Ego-Friendly Wines

14125689_10101021973399372_6531290440239798060_oTwo things happened when I moved to California that I wasn’t expecting: I started meditating every day and red wine became my favorite drink.  For the last few years, I’ve navigated this odd dance between two diabolical forces: one a practice of calming the mind to go deep in order to mine intuitive knowledge, and the other a tasty indulgence that numbs the mind.  There have been days when I have had extremely powerful kundalini yoga classes where I could literally feel knots being untied in my stomach and heavy burdens lifted; then I’d come home blissed out and celebrate this liberation with a glass coastal Pinot Noir or mountainous Argentinian Malbec.

Somewhere in the mix of the pallet, bliss would morph into fog. What started as a spiritually-induced high turned into a chemically-inflicted (though extremely delicious!) haze that would usually see me passed out asleep early, and up in the morning with a mild to semi-splitting headache. Nothing that a bold cup of coffee couldn’t cure, and not what I would consider to be an addiction, but it was a pattern that began to have a rather unhealthy grip over me.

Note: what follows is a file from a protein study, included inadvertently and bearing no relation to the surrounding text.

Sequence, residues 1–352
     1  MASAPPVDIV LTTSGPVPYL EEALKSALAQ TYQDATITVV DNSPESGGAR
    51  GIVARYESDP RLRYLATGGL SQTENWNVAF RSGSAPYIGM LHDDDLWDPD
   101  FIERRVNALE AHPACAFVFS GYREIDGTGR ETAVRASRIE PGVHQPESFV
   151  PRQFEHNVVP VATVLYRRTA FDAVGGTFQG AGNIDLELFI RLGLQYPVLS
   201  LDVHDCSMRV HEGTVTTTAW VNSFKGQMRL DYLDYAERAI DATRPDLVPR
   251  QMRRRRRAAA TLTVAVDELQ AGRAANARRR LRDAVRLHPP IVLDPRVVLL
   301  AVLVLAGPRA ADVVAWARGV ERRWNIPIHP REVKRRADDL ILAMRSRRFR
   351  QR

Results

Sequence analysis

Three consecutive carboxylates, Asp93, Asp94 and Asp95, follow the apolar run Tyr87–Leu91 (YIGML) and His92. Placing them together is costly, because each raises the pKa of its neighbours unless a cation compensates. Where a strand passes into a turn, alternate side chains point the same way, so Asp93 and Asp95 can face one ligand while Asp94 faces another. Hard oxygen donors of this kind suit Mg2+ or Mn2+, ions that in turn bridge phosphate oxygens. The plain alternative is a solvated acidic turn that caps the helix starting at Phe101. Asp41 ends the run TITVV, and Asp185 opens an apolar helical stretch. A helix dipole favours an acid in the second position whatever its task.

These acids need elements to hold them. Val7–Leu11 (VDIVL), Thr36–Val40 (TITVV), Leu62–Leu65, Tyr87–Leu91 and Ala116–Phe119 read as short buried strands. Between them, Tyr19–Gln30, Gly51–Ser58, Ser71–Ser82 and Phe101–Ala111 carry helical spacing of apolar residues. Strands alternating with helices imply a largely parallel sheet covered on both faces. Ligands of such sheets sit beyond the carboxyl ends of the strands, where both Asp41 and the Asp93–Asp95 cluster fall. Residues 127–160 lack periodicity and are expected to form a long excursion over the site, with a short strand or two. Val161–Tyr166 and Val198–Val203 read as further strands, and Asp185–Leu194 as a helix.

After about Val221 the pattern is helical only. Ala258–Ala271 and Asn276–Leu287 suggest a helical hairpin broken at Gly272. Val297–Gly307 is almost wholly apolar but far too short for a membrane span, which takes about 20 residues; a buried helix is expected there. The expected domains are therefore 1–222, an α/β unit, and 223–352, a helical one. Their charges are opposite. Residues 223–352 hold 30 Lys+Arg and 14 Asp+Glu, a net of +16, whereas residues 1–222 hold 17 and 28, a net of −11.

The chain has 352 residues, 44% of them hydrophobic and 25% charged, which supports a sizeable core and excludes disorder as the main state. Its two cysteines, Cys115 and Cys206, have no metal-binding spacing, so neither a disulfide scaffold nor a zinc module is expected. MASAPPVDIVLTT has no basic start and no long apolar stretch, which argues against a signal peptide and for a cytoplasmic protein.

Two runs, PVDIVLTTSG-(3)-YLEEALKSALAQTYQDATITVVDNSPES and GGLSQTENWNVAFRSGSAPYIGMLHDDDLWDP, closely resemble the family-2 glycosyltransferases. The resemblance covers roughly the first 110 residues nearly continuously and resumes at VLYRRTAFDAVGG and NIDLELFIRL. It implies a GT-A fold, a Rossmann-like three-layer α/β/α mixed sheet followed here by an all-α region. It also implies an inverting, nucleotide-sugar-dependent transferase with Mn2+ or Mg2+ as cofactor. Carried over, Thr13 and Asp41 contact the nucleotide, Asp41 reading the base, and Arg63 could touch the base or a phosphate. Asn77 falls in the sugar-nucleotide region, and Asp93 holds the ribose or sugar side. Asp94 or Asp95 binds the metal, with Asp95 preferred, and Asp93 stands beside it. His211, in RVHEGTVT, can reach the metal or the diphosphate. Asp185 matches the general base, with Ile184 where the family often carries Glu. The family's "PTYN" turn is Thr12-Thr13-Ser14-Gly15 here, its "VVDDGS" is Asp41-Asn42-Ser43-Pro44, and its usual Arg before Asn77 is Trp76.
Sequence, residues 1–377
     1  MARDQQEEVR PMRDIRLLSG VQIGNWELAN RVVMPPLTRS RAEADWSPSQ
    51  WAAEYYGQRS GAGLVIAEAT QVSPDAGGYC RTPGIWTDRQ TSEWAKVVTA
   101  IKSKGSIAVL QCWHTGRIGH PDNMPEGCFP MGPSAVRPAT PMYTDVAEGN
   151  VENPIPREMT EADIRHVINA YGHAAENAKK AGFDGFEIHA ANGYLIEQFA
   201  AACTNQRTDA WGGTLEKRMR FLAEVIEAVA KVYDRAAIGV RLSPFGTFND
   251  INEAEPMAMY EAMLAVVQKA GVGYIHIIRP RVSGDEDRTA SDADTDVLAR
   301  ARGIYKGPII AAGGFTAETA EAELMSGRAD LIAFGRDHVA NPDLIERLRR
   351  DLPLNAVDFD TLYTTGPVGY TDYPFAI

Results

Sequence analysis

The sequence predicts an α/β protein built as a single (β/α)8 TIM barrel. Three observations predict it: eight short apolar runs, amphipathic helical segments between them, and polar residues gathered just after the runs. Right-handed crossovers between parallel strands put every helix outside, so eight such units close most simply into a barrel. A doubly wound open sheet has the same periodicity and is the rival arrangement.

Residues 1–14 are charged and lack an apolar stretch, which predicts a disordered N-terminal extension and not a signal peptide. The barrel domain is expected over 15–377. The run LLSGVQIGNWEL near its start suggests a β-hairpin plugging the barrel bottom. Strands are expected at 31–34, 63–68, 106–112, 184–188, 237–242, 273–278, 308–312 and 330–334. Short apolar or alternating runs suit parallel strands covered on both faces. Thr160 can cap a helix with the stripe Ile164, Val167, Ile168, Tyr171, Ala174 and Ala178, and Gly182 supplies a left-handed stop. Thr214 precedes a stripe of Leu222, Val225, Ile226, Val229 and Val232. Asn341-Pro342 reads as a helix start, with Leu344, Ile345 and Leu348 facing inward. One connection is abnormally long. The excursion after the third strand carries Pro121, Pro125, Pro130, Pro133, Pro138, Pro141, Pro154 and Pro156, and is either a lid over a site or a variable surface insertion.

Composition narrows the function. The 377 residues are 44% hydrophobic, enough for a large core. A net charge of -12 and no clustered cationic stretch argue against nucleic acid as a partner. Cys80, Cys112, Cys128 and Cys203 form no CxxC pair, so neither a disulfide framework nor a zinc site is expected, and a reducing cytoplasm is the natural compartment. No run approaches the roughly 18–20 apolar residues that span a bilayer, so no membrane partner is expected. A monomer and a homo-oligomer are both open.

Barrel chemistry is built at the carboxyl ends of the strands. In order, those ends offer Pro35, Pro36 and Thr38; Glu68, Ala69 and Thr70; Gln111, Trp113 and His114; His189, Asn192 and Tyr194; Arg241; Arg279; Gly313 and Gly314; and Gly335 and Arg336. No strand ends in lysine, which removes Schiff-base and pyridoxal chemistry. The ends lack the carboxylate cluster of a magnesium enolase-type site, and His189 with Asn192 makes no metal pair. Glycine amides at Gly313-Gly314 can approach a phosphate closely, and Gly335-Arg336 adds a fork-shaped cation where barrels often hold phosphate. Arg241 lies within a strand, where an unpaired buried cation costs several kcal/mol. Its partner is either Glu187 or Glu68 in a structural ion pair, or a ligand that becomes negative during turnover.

Be careful of patterns—they have a way of surreptitiously arresting your advancement! It wasn’t until recently that I understood the connection between spiritual development and alcohol craving: the unabashed ability of the ego to quickly trick us into thinking we’re making progress on our journey when, really, we’re just running in place!  When we start to grow, our ego (our limited, separated self that’s body-identified) gets scared. As a natural defense, the ego finds a way to contain our progress.  It finds distractions, often pleasant and harmless in their benign form, that keep us from making real transformation. You can change your activity, but until you’re ready to fully embrace an entire new way of seeing yourself and your place in the world, you’re not really making any huge personal shift. I don’t see the ego as being the conscious-minded answer to “the devil”, but rather the very natural defenses all of us put up when we’re confronted with uncomfortability. Change is hard. When you’re in a practice of meditation, mindfulness, or any personal growth, you will learn things about yourself that are often difficult to own up to. For me, that’s when the cork-screw would come out.

This isn’t a post about alcoholism; I’ve never considered myself an alcoholic. I don’t think there’s anything wrong with responsible drinking. I think you can be a conscious, spiritual person who is growing and evolving and also reasonably enjoy wine and other libations. There’s a line, though, when enjoyment crosses over into escape. While I don’t hold any particular judgments about the fact that for about 2 years I was drinking 2-4 glasses of wine almost every night at home after what were often rough and stressful days, I do now see how that action was limiting my growth and getting in the way of fully embodying my purpose.